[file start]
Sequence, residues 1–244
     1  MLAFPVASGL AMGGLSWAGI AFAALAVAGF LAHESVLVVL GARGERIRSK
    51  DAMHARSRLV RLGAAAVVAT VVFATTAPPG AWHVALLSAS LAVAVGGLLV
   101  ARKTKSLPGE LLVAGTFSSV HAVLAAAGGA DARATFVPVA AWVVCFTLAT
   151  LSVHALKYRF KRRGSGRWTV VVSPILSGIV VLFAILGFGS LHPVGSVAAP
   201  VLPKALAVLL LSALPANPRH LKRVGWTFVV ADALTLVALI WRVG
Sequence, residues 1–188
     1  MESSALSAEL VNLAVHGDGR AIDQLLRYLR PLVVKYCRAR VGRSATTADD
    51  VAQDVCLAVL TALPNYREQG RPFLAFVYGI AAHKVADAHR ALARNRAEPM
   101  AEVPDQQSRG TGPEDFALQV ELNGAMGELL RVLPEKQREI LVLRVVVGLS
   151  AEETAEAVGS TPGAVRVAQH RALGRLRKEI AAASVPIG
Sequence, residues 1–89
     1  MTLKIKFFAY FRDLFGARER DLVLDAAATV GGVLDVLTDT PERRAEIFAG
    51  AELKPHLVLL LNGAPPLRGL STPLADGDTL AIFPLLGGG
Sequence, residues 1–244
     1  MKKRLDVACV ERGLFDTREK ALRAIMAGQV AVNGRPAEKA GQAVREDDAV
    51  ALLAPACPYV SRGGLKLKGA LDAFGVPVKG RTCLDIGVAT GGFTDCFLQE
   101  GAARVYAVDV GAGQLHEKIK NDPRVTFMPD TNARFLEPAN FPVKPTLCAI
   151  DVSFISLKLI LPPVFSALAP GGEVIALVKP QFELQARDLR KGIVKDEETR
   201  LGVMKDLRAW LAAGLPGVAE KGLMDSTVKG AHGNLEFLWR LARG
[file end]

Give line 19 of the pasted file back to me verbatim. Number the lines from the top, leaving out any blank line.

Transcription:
   151  DVSFISLKLI LPPVFSALAP GGEVIALVKP QFELQARDLR KGIVKDEETR